Japanese tech giant SoftBank posted a quarterly loss of $23 billion

TOKYO >> Japanese technology company SoftBank Group posted a loss of US$23.4 billion for the April-June quarter as the value of its assets fell amid global inflation and interest rate concerns.

The loss of SoftBank Group Corp. of 3.16 trillion yen was a reversal of earnings of 762 billion yen in the same quarter last year. Quarterly revenue rose 6% to 1.57 trillion yen ($11.6 billion).

“I have to humbly and honestly admit that things are really bad,” a somber Chief Executive Masayoshi Son told reporters on Monday. “I have to face this.”

Losses over the past six months totaled about 5 trillion yen ($37 billion) and the latest red figures were the company’s worst quarterly losses since its inception, he said.

For the fiscal year ended March, Softbank posted losses of 1.7 trillion yen ($13 billion), a reversal of the 4.9 trillion yen profit a year earlier. Annual sales rose 10.5% to 6.2 trillion yen ($46 billion).

Although Softbank’s portfolio isn’t directly exposed to the war in Ukraine, the company warned that global uncertainty, as well as inflation and rising energy costs, would likely hurt its profitability.

Much of the stock’s decline is due to a decline in Chinese e-commerce giant Alibaba, in which SoftBank is a major investor. The falling yen also hurt Tokyo-based SoftBank’s bottom line as its loans are required to be repaid in yen.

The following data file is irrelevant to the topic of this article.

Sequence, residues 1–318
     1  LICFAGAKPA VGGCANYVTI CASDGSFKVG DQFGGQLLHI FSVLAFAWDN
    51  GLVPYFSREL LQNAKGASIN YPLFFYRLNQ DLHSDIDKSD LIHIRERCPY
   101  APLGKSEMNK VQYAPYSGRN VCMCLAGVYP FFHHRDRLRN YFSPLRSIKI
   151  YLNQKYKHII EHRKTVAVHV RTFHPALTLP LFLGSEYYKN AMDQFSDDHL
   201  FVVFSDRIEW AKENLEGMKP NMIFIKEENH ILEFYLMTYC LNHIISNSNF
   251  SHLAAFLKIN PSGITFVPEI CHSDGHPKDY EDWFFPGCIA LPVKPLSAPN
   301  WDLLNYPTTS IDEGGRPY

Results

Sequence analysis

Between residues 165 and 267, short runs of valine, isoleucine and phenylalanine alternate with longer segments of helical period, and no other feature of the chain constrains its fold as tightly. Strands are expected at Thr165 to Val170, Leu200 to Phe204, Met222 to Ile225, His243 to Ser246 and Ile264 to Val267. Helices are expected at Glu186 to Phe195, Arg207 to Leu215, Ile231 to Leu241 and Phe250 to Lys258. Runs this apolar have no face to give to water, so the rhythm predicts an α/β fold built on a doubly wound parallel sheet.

How long the troubles will last is unclear, Son said, noting it could take months or even years due to global instability and inflation.

Softbank’s intended sale of British semiconductor and software design company Arm to Nvidia fell through earlier this year. SoftBank is now promising lucrative future growth at Arm, including an IPO, although a date for that IPO has not yet been announced.

SoftBank acquired Arm in 2016. Arm is a leader in artificial intelligence, IoT, cloud, metaverse and autonomous driving. Its semiconductor design is widespread and used in virtually all smartphones, most tablets and digital televisions. This technology is considered the key to autonomously driving cars.

While Arm remains positive about SoftBank, Son said he would not sugarcoat last quarter’s overwhelmingly dismal results.

Lower share prices appear to be an opportunity to buy at bargain prices, but Son promised SoftBank would exercise firm restraint on reinvesting, cutting costs and jobs and instead focusing on the more than 470 companies it has already invested in, mostly companies above artificial intelligence.

He declined to say how many jobs will be cut.

SoftBank also owns stakes in mobile phone provider SoftBank, web service provider Yahoo and rental car company Didi, which has suffered from a government crackdown in China. SoftBank also has funds that include other global investors called Vision Funds.

Son emphasized that he still believes in the potential of the Vision Fund’s investments.

“We believe this is a source of future great wealth,” he said. “But we won’t know for sure until it happens.”

He said some of the ventures are exciting and could benefit humanity, but if dreams are pursued too recklessly there is sometimes a risk of annihilation.

“And we must avoid annihilation at all costs,” Son said.

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